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From: Edward Diener (eddielee_at_[hidden])
Date: 2003-08-26 16:41:03
Douglas Gregor wrote:
> On Tuesday 26 August 2003 02:56 pm, shyamemani wrote:
>> When I mentioned the performance cost I was comparing two programming
>> techniques. a) Using call back interfaces and b) using
>> boost::functions. As Douglas mentioned that if the operator is
>> inlined, the performance of boost::function will be better since
>> virtual functions cannot be inlined by the compiler and I agree with
> I think we have a little communication confusion, and I think it's my
> What do you mean by "call back interfaces"? Function pointers?
> calls to particular routines? Or are by "interfaces" are you talking
> something akin to Java's interfaces?
> Calling through a boost::function will incur essentially the same
> overhead as
> calling through a virtual function.
>> But with interfaces I can define multiple functions in it and
>> register to recieve multiple events. Use of this in boost::function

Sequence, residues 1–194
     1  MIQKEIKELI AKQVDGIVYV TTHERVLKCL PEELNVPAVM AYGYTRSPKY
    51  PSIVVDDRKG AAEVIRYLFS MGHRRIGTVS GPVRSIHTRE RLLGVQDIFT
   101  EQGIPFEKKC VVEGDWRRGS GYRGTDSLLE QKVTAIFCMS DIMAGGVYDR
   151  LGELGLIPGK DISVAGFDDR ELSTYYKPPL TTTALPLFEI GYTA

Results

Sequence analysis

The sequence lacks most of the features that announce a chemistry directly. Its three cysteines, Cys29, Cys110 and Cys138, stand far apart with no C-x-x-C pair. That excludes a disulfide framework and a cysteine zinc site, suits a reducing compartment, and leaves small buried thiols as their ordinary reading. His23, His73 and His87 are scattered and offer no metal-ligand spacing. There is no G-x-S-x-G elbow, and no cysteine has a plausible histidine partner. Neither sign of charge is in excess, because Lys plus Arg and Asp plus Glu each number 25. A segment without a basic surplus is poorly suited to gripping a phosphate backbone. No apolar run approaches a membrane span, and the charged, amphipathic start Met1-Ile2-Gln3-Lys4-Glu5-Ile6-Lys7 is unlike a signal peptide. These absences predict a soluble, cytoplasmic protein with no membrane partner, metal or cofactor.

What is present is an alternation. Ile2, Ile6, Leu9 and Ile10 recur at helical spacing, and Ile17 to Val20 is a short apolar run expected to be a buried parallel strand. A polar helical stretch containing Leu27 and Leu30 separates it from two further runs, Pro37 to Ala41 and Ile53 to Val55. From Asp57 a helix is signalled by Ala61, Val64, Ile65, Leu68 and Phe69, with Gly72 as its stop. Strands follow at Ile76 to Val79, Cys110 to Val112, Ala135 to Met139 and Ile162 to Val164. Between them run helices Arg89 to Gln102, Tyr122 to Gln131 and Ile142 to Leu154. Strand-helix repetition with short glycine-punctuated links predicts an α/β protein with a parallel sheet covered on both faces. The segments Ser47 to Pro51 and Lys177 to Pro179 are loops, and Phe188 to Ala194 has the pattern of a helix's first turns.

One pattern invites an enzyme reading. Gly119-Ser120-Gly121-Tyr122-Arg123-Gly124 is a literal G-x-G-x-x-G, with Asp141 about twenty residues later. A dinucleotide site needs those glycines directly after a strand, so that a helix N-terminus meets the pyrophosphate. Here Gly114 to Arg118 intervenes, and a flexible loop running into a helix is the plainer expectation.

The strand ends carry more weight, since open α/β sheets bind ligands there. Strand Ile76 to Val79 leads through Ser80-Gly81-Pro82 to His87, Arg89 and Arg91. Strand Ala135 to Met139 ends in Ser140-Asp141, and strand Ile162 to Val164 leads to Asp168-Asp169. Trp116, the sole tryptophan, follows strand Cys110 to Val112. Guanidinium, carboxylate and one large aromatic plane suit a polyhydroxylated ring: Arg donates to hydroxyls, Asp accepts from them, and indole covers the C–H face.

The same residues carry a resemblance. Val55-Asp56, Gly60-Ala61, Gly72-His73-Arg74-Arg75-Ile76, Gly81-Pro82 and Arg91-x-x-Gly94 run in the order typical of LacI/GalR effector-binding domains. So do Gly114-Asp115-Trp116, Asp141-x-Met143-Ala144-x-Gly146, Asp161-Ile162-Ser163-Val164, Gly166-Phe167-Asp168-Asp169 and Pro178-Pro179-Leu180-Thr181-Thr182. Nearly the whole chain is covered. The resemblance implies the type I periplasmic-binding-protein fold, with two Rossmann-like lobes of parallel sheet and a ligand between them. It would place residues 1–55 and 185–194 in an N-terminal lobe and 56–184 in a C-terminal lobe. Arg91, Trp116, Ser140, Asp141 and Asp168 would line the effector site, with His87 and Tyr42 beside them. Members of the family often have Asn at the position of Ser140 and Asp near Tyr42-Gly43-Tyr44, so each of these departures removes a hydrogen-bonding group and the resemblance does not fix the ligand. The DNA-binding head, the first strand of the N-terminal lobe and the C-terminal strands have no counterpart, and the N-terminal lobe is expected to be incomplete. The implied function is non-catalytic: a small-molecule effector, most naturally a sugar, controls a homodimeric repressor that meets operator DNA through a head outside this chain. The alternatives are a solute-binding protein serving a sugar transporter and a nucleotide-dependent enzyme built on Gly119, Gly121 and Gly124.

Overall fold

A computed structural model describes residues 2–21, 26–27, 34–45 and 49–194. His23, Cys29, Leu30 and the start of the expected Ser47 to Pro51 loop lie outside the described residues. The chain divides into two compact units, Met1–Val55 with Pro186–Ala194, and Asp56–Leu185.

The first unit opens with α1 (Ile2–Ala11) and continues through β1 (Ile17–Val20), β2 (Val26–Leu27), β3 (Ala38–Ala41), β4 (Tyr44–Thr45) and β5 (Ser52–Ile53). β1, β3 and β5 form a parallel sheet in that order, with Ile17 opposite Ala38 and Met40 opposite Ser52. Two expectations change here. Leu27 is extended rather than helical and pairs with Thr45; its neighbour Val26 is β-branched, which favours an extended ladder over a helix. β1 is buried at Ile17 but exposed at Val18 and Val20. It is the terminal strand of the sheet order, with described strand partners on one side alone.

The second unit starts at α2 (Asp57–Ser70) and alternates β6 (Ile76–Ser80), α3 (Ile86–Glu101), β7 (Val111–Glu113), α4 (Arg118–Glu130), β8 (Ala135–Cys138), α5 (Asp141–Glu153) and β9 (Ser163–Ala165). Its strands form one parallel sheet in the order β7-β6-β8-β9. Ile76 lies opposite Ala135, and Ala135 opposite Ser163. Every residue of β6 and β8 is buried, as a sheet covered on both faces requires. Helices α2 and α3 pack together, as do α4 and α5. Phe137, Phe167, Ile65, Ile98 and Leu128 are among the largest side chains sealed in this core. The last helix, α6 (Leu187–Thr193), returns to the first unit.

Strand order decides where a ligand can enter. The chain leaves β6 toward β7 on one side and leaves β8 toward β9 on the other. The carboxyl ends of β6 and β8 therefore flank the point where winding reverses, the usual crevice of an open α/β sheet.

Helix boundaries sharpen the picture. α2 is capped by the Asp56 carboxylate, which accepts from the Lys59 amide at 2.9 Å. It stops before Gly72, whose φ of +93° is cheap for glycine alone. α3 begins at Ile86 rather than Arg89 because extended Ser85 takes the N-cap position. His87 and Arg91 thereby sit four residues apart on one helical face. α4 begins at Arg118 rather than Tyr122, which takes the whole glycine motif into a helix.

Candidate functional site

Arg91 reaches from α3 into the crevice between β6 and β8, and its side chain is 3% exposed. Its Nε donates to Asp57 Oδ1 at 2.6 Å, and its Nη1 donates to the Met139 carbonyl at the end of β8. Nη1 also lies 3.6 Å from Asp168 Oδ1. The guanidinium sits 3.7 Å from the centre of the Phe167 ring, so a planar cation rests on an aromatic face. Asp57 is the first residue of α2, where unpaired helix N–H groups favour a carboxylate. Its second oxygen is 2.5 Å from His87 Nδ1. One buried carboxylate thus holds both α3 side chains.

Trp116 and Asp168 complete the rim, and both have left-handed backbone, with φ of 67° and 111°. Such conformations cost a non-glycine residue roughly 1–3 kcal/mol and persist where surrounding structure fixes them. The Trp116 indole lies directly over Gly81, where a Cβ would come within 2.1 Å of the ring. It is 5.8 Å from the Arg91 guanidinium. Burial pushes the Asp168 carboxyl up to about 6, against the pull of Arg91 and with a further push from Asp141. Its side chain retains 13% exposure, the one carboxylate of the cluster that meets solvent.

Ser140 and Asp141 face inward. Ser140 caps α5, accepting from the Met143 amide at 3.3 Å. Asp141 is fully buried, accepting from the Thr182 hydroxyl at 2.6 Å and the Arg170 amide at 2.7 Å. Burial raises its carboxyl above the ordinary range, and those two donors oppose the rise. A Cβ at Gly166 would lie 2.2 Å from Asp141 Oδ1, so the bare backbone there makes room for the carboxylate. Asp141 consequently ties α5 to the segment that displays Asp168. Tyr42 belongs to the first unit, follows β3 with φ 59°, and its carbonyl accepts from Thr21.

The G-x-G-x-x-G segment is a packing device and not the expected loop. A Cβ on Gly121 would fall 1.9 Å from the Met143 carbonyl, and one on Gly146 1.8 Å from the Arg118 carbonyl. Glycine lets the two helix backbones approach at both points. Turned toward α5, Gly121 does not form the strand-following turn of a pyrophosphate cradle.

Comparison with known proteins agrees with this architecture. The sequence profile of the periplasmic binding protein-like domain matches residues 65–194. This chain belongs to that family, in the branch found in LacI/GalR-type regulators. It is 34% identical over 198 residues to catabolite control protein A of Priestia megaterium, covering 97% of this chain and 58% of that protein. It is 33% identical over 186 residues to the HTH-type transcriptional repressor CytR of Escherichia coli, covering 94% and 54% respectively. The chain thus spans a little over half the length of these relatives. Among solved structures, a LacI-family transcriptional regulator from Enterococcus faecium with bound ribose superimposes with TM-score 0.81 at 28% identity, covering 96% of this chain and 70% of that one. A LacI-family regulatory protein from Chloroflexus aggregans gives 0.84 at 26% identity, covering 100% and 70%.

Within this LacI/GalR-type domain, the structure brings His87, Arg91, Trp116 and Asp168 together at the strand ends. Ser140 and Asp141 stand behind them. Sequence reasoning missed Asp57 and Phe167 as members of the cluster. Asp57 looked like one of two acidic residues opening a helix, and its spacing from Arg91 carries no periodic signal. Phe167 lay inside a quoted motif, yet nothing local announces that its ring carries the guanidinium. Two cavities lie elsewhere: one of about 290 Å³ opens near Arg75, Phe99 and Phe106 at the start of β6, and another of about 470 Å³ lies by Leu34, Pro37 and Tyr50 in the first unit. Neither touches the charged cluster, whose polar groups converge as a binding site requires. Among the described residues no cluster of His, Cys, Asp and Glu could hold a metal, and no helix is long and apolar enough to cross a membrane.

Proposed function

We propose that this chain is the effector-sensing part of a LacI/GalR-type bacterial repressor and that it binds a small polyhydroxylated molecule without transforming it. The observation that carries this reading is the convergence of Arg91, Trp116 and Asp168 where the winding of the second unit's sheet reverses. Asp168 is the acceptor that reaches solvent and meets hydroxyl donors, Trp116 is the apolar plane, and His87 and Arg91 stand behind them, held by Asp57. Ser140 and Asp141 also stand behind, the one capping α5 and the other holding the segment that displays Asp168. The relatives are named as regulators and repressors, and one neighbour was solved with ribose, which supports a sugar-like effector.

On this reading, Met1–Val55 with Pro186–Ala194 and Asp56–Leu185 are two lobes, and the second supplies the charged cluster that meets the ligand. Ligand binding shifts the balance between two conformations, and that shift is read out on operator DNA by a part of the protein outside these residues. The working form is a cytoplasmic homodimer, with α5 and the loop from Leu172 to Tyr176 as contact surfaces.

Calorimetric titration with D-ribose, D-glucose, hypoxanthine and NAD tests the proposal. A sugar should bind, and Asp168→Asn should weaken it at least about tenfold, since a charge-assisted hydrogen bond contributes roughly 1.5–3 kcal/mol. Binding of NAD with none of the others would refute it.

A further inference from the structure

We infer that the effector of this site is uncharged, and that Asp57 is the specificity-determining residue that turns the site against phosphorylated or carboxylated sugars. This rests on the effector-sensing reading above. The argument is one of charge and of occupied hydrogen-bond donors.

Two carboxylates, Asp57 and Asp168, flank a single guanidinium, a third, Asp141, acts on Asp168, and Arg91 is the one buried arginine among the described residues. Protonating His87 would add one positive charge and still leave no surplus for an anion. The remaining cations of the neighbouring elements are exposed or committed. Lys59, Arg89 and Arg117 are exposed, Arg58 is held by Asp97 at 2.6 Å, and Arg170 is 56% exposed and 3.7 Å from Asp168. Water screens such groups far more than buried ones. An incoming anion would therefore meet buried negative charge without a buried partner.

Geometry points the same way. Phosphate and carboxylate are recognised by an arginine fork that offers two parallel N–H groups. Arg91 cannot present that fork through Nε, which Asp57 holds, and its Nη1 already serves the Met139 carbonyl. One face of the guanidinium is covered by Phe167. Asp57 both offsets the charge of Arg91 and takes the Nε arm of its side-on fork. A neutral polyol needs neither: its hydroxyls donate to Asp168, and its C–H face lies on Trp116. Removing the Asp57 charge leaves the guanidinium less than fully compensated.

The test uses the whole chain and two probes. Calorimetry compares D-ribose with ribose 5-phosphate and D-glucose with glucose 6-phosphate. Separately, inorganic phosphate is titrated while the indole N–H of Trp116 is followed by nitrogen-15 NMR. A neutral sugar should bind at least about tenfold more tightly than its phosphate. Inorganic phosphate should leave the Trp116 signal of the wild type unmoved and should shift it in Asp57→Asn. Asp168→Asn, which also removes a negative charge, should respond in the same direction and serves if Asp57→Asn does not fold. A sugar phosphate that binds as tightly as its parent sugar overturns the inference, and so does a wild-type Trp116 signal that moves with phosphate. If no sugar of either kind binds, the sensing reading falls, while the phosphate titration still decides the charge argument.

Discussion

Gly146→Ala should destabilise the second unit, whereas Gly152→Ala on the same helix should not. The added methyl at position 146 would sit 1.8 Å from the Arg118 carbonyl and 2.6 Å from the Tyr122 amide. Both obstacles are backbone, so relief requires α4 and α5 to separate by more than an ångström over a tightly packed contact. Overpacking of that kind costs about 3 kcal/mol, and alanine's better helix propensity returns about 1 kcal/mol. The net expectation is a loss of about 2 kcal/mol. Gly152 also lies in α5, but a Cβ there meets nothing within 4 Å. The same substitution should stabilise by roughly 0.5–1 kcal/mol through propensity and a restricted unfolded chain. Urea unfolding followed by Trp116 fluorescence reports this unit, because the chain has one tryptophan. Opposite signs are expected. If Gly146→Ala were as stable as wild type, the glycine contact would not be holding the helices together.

>> would require calling register multiple times. I think I am
>> considering wrong application of the library.
> boost::function doesn't support multiple events. That's why we have
> Boost.Signals built on top of boost::function.
This has reminded to ask you:
Is there a reason Boost.Signals wasn't submitted for TR1 approval other than
the worked involved doing so by writing up the necessary submittal form ? I
would very much like to see the C++ standard library adopt a common event
handling interface, whether through a library such as yours or an extension
to the language ( such as Borland's __closure pointer ). Handling events in
a common way, and especially allowing both events and handlers ( signals and
slots ) to be free of specific class limitations, will move C++ much closer
to a modern paradigm which I find invaluable in using the language.
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